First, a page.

Catholics at the Santisimo Rosario Parish Church receive ash crosses on their foreheads for the first time in two years in this year's Ash Wednesday, which marks the beginning of the Lenten season. (Photo by Joselle Marie B. Reyes/ The Varsitarian

Catholics were again allowed to receive ashes on their foreheads on Ash Wednesday after two years of the practice being banned due to the Covid-19 pandemic. 

UST Vice Rector for Religious Affairs Fr. Pablo Tiong, O.P.  said he was elated “by the number of faithful” who attended the Mass inside the Santisimo Rosario Parish Church on March 2.

Under Alert Level 1, Masses are allowed to accommodate up to 80 percent of the venue seating capacity, according to UST Parish Priest Fr. Paul Talavera, O.P.

Tiong said Catholics should not be joyless and instead be hopeful during the Lenten season in his homily during the University Mass for Ash Wednesday. 

“Ang Lenten observance ay hindi artificial na palulungkutin lang natin ang ating sarili para pagdating ng Easter ay magiging masaya tayo. We don’t need to make ourselves lonely so that we will be happy. As Christians, we should always be hopeful and happy,” he said.

He said the ashes imposed on the faithful symbolized Jesus’ presence and not merely a display of one’s repentance from sin.

“Malaki o maliit [man] ang krus sa ating noo, may kanya-kanya tayong pasan na krus. Hindi lang yan abo at krus; ito ay ang simbolo [ni Hesus] sapagkat [s]a ating puso, kasama pa rin natin siya,” he said.

‘Day of fasting, prayer for peace in Ukraine’

In a statement dated Feb. 27, the Catholic Bishops’ Conference of the Philippines (CBCP) joined Pope Francis’ call for fasting and prayer for peace in light of Ukraine’s suffering due to Russia’s invasion.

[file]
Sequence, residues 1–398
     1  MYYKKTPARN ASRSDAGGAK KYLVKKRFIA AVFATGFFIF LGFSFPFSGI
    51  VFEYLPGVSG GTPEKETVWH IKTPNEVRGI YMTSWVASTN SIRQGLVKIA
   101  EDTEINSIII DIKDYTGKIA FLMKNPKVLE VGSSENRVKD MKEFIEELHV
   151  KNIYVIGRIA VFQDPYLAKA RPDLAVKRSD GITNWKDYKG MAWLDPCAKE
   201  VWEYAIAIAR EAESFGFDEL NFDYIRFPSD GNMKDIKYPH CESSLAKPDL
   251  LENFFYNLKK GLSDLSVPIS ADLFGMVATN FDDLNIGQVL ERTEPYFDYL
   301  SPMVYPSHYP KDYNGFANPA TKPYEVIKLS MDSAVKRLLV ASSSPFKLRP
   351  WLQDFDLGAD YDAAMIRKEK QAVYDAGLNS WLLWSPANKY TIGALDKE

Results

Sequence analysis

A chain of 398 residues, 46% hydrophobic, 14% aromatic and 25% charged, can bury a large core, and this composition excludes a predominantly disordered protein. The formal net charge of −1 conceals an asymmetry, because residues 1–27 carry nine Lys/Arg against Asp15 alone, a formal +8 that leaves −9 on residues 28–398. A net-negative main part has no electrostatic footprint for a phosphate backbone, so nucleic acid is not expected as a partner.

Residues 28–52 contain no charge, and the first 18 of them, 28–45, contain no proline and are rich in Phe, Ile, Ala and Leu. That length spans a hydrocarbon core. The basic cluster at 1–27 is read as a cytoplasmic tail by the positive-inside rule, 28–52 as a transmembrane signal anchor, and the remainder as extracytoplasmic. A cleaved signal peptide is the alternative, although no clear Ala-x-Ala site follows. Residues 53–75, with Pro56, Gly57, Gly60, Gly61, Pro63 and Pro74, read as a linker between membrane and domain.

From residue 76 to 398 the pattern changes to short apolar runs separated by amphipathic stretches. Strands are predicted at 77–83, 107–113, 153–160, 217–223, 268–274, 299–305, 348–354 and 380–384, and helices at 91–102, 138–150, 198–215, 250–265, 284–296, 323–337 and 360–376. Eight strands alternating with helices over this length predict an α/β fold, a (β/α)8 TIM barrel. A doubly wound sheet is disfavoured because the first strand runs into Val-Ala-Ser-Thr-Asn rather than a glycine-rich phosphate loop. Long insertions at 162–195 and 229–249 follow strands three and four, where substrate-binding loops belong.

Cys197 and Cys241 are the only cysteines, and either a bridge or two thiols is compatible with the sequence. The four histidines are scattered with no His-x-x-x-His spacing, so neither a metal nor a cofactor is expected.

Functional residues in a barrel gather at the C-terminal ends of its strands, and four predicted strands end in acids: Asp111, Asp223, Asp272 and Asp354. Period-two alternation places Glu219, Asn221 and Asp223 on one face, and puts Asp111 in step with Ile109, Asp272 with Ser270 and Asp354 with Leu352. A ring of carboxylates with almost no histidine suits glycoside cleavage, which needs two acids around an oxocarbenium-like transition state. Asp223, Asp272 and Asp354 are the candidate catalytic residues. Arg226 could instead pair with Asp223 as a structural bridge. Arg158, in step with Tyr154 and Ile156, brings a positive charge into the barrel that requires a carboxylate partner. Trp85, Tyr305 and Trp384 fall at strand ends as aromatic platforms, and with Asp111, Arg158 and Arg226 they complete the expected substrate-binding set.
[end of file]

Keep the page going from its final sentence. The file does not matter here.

“The Lord Himself taught us that there is no other way to combat the enticements of the devil, especially among those who are obsessed with power, wealth and fame other than prayer, fasting and acts of charity,”said the CBCP president, Bishop Pablo Virgilio David said.

“We also invoke the intercession of the Blessed Mother as we pray that the Lord move the consciences of the Russian people so that they themselves will be able to do the necessary steps in order to pressure their government to stop the war it has started,” he added.

On Feb. 23, the Pope appealed to people around the world to combat the “diabolical senselessness of violence” with prayer and fasting.

“I encourage believers in a special way to dedicate themselves intensely to prayer and fasting on that day. May the Queen of Peace preserve the world from the madness of war,” the pontiff said.

In a pastoral letter, Manila Archbishop Jose Cardinal Advincula reminded Filipinos to renew themselves to a “life of prayer, fasting and charity.”

Advincula also encouraged the faithful to participate in “Fast2Feed” campaign that aims to feed poor families.

“We continue to fulfill our mission of providing for the poor, especially for the malnourished children so they may have a chance for better health and growth, and full participation in our society,” the cardinal said.

Ash Wednesday marks the beginning of Lent. It commemorates Jesus’ struggle for 40 days and nights in the desert.

The ashes signify the dust from which God made human beings.

During Lent, Christians around the world are called to prayer, fasting and almsgiving, leading to the celebration of the passion, death, and resurrection of Christ during Holy Week and Easter. with reports Allyssa Mae C. Cruz


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